Showdown in Little Tokyo is the second best-known movie to be directed by Mark L. Lester, whose most significant credit is probably still Commando. This one has the same kind of mean-spirited violence as the Schwarzenegger classic (it actually needed to be edited down slightly to avoid an NC-17 rating -- that's how fucking hardcore it is): a pretty blonde woman is drugged up, strips naked and is beheaded with a sword by Yoshida as all of his goons look on. A young Tia Carerre, playing a lounge singer who gets mixed up in everything, is raped by Yoshida, but hours later is climbing into a hot tub to fuck Dolph Lundgren (a task that's ultimately left up to her very obvious body double in one of the worst, most pointless sex scenes in action movie history). There's a huge brawl in a bathhouse in which we get to see a knife enter the bare stomach of a big sumo-looking motherfucker in close-up. And, of course, there is the big bad guy death, which is one of the most ridiculous and entertaining of its kind.

But don't take my word for it. Check out this highlight reel, which includes several of the movie's more hilariously over-the-top moments, including Dolph Lundgren jumping a moving car, a petty criminal breaking his own neck, Lundgren's ridiculous outfit and, of course, the amazing death scene of the big bad guy. SPOILERS, I guess:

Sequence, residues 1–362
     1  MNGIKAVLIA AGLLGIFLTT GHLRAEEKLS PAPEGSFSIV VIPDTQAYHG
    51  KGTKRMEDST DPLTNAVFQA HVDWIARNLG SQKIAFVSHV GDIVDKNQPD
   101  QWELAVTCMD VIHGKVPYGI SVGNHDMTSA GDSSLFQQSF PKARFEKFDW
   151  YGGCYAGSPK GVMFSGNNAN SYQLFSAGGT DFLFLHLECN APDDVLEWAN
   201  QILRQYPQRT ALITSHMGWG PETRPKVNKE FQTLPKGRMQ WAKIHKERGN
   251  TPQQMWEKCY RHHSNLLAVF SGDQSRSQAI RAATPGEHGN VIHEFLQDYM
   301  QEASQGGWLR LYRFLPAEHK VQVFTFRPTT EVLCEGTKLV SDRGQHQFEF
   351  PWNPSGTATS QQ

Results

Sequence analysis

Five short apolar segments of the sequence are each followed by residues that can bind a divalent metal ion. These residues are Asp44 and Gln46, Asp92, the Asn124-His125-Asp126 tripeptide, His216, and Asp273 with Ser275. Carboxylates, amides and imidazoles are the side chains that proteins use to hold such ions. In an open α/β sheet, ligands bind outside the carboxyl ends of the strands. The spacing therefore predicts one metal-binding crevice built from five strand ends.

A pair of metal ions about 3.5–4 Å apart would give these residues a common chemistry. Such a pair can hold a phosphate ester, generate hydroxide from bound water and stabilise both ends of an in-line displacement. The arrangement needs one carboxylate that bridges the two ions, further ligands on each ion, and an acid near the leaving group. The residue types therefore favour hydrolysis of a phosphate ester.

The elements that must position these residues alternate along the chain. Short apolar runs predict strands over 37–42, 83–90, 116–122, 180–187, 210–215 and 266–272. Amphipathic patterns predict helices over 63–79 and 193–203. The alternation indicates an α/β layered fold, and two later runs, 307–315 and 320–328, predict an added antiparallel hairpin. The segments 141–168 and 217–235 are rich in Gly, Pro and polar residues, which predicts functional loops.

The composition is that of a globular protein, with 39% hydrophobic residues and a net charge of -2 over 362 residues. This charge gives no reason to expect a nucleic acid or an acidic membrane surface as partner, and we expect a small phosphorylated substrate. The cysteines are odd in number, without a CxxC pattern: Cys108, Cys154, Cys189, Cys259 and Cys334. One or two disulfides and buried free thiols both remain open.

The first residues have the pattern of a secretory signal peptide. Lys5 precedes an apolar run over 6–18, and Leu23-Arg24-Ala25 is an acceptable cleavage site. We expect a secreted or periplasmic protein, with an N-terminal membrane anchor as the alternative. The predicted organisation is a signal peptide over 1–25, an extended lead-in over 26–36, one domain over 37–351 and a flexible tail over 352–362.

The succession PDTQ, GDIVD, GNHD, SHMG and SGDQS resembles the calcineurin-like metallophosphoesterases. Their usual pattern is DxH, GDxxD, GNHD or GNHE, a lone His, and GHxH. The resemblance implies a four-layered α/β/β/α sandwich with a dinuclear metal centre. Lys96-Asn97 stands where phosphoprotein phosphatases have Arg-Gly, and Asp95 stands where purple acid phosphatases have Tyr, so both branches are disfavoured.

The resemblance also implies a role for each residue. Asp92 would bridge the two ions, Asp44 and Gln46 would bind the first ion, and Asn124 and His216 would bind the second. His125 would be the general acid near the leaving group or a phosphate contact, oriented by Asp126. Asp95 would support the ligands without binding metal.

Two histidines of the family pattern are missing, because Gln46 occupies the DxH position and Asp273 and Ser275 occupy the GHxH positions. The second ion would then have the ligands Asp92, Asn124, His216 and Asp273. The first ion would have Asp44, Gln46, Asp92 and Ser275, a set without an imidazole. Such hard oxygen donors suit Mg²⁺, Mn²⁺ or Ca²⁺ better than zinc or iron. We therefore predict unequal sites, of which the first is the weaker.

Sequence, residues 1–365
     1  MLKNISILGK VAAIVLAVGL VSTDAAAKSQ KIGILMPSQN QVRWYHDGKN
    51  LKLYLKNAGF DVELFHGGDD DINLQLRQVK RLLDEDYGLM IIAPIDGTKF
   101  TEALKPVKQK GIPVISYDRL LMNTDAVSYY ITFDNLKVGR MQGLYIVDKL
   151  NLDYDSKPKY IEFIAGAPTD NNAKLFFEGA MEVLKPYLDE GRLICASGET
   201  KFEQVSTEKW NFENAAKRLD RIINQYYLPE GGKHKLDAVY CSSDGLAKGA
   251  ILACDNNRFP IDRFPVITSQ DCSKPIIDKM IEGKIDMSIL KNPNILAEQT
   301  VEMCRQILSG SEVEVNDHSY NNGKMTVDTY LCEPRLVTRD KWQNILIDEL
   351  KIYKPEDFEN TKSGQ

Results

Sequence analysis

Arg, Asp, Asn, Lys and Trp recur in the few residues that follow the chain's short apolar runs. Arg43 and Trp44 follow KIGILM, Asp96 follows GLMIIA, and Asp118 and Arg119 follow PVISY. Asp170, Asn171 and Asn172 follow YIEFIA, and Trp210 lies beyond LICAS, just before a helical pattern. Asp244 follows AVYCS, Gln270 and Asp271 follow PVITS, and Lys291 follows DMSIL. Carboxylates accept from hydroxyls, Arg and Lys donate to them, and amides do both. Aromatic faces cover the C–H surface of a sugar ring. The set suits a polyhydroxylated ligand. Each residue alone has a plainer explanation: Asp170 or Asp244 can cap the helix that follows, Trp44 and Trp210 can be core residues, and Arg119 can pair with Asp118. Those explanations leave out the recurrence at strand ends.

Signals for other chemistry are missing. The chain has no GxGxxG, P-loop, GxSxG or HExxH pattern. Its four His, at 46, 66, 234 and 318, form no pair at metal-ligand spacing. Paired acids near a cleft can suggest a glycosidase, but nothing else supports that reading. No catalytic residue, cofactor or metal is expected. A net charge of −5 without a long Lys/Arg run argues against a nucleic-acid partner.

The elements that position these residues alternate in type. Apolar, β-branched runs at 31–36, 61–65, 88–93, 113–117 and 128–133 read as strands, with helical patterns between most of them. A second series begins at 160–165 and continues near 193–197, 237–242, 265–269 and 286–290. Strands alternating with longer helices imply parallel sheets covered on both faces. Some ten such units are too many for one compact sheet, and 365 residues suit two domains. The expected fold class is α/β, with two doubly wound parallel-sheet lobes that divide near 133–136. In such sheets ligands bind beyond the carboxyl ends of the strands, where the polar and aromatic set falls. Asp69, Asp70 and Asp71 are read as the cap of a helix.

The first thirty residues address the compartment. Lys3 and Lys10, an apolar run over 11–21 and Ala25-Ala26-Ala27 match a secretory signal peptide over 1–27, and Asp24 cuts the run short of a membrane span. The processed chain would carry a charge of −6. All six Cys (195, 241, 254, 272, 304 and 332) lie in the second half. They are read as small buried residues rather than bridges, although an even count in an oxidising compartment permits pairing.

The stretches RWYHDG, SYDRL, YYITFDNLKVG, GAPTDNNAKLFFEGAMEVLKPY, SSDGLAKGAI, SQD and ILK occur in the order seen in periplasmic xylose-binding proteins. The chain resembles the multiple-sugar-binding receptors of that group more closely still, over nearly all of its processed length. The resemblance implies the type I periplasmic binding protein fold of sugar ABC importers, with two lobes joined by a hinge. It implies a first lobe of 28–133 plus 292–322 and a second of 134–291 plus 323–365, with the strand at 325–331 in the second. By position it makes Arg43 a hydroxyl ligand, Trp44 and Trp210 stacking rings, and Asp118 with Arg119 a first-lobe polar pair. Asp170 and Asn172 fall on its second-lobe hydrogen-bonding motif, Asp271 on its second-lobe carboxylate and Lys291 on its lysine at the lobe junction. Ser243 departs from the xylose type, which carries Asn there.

Rapid Fire (1992)

Rapid Fire is easily Brandon Lee's best movie. He gets to carry it by himself without being saddled by any of the baggage brought on by an existing property. His fight choreography is at its best. He gets a bunch of small moments that round out the character and make him interesting instead of just being another no-nonsense badass or wisecracking smart aleck. Mostly, though, it's the autobiographical side of the movie that makes it resonate even 20 years after its release.

See, in Rapid Fire, Lee is playing a guy whose father is something of a legend. Everywhere he goes, people know all about his father and want him to speak and tell stories about his father -- the same father who lived a life defined by violence, and who suffered a tragic, early death. Jake Lo is attempting to come to terms with his father's legacy and deciding what path his life his going to follow, whether he'll follow in the old man's footsteps or if he'll carve out his own place in the world. SOUND FAMILIAR? The whole movie is like a commentary on Brandon Lee's career.